A fine example of this cooperation is the development of the ‘Winterlichtkas’ or winter light greenhouse. It’s a greenhouse that uses the limited amount of light available in winter more efficiently, letting in 10 per cent more sunlight than usual. This innovative greenhouse, which is being tested right now, is the result of a constructive partnership between Wageningen University and Research, my department in the energy transition programme and a consortium of companies. At the same time, they’ve developed cucumber and tomato varieties that need less light to flourish. The combination leads to 20% more production while using 40% less energy. This perfectly demonstrates how a challenge can be tackled from more than one angle.
As part of the Food Agenda, Mr Van Dam announced a field lab initiative for precision farming services (‘de Nationale Proeftuin Precisielandbouw’). This facility will support new smart farming concepts. In the first half of 2017, a design study will be carried out for the field lab.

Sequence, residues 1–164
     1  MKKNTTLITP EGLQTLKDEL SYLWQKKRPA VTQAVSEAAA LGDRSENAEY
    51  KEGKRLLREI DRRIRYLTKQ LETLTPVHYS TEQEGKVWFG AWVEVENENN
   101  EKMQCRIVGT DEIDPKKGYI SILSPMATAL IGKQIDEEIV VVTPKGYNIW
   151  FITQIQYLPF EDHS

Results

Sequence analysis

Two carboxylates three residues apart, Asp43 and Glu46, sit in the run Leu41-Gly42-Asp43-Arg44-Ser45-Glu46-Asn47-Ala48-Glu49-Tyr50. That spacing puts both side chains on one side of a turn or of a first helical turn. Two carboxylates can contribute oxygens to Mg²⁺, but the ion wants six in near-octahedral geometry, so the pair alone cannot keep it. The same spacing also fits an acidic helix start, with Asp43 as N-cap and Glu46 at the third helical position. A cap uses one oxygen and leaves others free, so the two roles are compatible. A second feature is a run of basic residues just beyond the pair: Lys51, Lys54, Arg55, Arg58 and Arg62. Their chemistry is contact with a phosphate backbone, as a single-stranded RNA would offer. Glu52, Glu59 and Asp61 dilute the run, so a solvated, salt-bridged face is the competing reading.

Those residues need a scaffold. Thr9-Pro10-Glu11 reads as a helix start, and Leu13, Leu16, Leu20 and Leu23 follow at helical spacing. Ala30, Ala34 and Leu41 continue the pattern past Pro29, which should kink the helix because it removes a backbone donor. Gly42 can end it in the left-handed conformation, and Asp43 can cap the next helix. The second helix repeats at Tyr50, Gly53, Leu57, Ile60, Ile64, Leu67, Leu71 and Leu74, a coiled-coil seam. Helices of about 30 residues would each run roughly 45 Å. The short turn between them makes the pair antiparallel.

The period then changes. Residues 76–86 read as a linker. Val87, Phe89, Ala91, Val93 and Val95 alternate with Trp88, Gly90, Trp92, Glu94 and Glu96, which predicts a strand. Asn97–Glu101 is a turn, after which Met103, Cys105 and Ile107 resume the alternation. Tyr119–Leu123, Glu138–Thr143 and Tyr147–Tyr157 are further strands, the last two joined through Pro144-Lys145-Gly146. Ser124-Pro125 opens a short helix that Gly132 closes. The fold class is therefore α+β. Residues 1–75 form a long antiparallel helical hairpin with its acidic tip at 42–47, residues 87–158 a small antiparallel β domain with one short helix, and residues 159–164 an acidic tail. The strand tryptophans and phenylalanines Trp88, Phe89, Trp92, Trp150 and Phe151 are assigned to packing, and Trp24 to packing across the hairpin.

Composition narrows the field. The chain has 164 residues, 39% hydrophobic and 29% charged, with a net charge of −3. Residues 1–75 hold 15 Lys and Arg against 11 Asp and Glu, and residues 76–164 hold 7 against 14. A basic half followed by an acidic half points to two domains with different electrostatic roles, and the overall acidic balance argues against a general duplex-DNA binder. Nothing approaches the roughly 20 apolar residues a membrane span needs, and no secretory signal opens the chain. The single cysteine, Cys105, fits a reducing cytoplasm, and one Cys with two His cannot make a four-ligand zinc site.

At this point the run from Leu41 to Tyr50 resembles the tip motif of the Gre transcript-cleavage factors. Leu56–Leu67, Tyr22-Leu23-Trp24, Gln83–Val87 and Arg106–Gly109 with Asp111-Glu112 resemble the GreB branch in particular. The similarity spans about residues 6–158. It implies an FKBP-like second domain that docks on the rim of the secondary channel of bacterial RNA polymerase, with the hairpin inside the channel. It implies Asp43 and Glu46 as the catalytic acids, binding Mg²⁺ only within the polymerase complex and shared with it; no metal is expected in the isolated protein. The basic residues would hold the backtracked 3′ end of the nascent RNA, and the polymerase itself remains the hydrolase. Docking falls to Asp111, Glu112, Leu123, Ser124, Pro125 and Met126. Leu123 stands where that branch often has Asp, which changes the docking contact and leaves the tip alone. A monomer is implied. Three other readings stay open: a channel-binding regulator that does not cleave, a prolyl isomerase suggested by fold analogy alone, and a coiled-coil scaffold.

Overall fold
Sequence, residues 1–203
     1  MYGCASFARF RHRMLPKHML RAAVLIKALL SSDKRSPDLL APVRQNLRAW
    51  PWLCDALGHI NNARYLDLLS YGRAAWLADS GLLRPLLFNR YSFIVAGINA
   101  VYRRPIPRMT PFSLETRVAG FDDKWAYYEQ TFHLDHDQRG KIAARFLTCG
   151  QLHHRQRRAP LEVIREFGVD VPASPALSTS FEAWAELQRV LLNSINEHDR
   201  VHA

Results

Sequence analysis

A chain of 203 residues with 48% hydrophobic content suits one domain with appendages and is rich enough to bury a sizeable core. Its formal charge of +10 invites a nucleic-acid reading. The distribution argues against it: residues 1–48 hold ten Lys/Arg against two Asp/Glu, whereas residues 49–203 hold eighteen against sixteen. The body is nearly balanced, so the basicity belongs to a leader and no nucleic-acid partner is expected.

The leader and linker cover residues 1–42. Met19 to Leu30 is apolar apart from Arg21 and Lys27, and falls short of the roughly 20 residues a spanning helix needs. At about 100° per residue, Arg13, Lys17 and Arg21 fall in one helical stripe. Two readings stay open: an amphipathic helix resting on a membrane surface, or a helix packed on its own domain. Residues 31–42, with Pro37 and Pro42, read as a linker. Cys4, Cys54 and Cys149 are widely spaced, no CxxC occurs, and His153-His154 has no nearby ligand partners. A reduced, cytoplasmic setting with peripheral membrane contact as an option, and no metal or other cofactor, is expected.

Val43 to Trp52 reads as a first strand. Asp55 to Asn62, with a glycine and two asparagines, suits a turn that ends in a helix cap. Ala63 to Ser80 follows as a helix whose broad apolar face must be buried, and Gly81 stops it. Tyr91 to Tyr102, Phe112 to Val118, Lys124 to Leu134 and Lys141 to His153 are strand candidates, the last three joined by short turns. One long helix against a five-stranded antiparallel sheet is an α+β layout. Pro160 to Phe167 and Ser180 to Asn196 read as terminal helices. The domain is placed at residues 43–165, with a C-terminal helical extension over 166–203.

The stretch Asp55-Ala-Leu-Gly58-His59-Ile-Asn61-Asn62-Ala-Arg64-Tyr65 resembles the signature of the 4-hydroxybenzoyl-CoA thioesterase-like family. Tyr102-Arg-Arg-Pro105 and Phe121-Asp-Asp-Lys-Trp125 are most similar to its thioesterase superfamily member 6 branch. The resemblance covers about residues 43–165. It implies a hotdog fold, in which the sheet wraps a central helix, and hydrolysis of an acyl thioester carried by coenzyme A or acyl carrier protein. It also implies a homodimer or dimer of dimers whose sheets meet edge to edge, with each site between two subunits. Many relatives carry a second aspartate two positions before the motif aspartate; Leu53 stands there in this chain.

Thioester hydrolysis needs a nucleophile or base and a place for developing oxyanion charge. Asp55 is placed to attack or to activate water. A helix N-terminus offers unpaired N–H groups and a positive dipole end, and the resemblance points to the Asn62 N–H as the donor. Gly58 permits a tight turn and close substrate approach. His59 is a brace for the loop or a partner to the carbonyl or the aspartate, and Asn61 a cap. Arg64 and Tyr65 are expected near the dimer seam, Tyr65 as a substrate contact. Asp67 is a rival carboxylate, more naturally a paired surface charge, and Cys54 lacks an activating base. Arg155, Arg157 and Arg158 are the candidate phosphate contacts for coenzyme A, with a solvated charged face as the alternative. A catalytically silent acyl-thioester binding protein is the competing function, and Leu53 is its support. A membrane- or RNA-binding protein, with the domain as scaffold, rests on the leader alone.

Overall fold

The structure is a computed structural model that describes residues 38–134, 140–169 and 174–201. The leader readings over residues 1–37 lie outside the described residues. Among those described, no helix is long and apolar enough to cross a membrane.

The Dutch public sector also offers a great quantity of open data which is of great value for smart farming. For instance, there are datasets on soil structure, groundwater, protected nature areas, topography, natural resources, aerial photography, arable land cover and crop growth maps. In addition to satellite data supplied by Copernicus, the European Earth Observation Programme, we will also provide open access to specific remote sensing data which is suitable for smart farming applications. All these public and private data flows demand clear policies on issues like data ownership, privacy, rights of use and other issues regarding data governance.
Ladies and gentlemen,
It’s vital that Europe invests in knowledge, innovation and the introduction of smart farming concepts so that we can meet major challenges together.
I encourage the Internet of Food and Farm consortium to link up with national and local smart farming initiatives in the EU, and of course in the Netherlands. By sharing knowledge, data, infrastructure and other assets, we can make more progress on a broader scale. So that, perhaps, we won’t have to wait until 2020 for that future scenario of two tractors operated by one farmer to become reality.
I look forward to this collaboration and wish all the consortium partners every success.